The Settling and Growth of Wharf-pile Fauna in Port Nicholson, Wellington, New Zealand
Infestation by Bankia avstralis Caiman (Figs. 3 and 4)
X-ray photographs of the first short-term block proved negative, and the first indication of Bankia attack was given by the second-month long-term block, where X-ray photographs revealed a light infestation of young animals ranging in size from 0·3 cm. to 1·8 cm. in length. By a careful comparison of the photograph and the surface of the test block, it was possible to see the minute respiratory holes of these young animals. In all cases, X-ray photographs failed to reveal the presence of Bankia in the short-term blocks. Isham, Moore, and Smith (1951) also record that "in panels exposed for only one month ship worms were neither large enough or numerous enough to furnish material adequate for growth rate determination." However, in February, when the long-term blocks clearly indicated a heavy set, it was possible in the present instance, with the aid of a hand lens, to make a fairly accurate count of respiratory holes on the short-term blocks.
Bankia respiratory holes are readily distinguishable from those of Limnoria, and counts of the holes give a reasonably accurate estimate of numbers present after the first few months. Counts from X-ray photographs give a check on the numbers obtained from counts of the surface holes. In large specimens of Bankia australis, the pallets often protrude slightly from the surface holes, and counting is then easy. The burrows are lined with lime, and usually go a short distance straight into the wood before turning to run with the grain. The fact that the shell valves and pallets are also mainly composed of lime greatly facilitates the count, as these calcareous structures show clearly in X-ray photographs. Accurate measurements of burrow lengths cannot be obtained after about the tenth month because of the number of intimately intertwining burrows.page 17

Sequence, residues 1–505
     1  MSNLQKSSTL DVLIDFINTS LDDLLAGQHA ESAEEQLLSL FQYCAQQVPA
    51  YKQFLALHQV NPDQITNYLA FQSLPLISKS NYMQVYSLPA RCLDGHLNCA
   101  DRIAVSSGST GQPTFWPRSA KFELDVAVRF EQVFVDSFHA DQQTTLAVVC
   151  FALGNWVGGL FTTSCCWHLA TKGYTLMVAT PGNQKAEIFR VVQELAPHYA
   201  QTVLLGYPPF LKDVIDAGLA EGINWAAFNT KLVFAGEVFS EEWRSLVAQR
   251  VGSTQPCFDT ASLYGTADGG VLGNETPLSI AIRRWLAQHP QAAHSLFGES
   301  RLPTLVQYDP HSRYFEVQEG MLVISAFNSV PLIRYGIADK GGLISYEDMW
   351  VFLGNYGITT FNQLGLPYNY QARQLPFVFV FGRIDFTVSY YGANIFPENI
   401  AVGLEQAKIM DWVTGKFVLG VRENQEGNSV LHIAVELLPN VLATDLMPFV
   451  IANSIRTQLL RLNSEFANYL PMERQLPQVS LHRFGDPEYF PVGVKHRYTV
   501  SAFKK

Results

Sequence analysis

Fig. 2.—Monthly incidence of Limnoria quadripunctala Holthius in the long-term test blocks. Temperatures shown by triangles. Full explanation of diagrammatic presentation of monthly temperature records on page 3 of text. *Approximate numbers.
Figure 4 gives the growth of B, australis based on measurement of burrow lengths; the principal curve gives the length of the longest burrow in the block for each month. The other data for each month shows the groupings of the shorter burrows as a vertical line, with the average in each group marked by a filled-in circle, These latter groups are here considered as representing monthly sets, page 19 although—e.g., November—there are ten such groups which exceed the number of months and indicate more than one heavy set in some months. The principal curve, in general, is that of an ordinary growth curve, but shows a deceleration of growth rate in September and again in November (i.e., winter and spring). This is also noted by Isham, Moore, and Smith (1951), who have interpreted this as consequent from overcrowding, but in terms of the actual set found on the short-term blocks, the total population is still short of its maximum. In any case, the burrows measured are those of animals which have lived through the period of sharply increasing growth-rate (August and October), and did not benefit to the same degree as did those measured in the September and November blocks. This deviation of the curve accordingly must be considered as due to individual variation and not having the significance of the variation in Isham, Moore, and Smith's curve.